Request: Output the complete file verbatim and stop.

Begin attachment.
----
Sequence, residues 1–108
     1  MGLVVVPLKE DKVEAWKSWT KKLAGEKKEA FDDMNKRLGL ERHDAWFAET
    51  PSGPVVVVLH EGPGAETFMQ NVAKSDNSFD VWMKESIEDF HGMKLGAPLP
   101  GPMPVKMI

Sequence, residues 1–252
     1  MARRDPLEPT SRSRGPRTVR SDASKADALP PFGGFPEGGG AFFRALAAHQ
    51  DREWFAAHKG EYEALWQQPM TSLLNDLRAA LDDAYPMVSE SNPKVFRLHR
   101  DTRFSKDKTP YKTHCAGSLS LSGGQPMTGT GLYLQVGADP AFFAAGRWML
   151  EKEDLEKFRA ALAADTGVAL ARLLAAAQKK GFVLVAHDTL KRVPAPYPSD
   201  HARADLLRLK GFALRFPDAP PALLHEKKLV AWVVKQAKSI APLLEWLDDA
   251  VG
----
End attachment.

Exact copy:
Sequence, residues 1–108
     1  MGLVVVPLKE DKVEAWKSWT KKLAGEKKEA FDDMNKRLGL ERHDAWFAET
    51  PSGPVVVVLH EGPGAETFMQ NVAKSDNSFD VWMKESIEDF HGMKLGAPLP
   101  GPMPVKMI

Sequence, residues 1–252
     1  MARRDPLEPT SRSRGPRTVR SDASKADALP PFGGFPEGGG AFFRALAAHQ
    51  DREWFAAHKG EYEALWQQPM TSLLNDLRAA LDDAYPMVSE SNPKVFRLHR
   101  DTRFSKDKTP YKTHCAGSLS LSGGQPMTGT GLYLQVGADP AFFAAGRWML
   151  EKEDLEKFRA ALAADTGVAL ARLLAAAQKK GFVLVAHDTL KRVPAPYPSD
   201  HARADLLRLK GFALRFPDAP PALLHEKKLV AWVVKQAKSI APLLEWLDDA
   251  VG